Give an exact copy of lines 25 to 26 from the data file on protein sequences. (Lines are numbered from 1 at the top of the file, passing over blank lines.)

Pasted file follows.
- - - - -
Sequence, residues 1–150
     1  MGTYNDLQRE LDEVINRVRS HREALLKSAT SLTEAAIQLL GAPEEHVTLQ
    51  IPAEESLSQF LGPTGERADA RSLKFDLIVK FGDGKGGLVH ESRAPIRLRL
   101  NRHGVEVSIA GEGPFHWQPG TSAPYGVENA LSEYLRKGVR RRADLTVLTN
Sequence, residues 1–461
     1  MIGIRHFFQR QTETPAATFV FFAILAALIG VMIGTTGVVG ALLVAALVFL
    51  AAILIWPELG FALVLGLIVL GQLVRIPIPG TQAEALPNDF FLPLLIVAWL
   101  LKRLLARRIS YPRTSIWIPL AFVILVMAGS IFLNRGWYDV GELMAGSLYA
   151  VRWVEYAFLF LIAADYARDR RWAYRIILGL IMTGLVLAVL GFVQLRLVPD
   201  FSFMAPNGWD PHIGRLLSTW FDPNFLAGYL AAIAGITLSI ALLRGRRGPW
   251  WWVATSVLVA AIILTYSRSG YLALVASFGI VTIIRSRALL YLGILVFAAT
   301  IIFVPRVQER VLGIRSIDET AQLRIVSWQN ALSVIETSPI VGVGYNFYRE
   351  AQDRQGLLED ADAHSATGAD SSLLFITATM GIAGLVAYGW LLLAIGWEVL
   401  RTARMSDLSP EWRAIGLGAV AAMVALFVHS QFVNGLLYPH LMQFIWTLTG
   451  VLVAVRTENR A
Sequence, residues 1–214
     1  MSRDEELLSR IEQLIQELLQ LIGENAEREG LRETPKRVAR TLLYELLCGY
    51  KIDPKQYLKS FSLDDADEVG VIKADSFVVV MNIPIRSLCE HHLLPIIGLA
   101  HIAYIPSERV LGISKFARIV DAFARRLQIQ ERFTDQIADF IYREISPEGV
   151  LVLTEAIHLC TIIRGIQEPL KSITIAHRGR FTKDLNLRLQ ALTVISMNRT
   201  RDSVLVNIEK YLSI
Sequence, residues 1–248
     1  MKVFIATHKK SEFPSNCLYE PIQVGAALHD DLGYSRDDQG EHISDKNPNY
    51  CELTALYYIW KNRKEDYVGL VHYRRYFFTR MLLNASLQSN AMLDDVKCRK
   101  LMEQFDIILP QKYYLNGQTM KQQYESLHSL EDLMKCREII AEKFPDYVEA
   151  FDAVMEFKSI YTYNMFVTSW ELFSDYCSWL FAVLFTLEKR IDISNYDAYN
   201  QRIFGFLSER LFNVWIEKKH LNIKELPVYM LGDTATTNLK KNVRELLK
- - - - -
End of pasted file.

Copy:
   101  LMEQFDIILP QKYYLNGQTM KQQYESLHSL EDLMKCREII AEKFPDYVEA
   151  FDAVMEFKSI YTYNMFVTSW ELFSDYCSWL FAVLFTLEKR IDISNYDAYN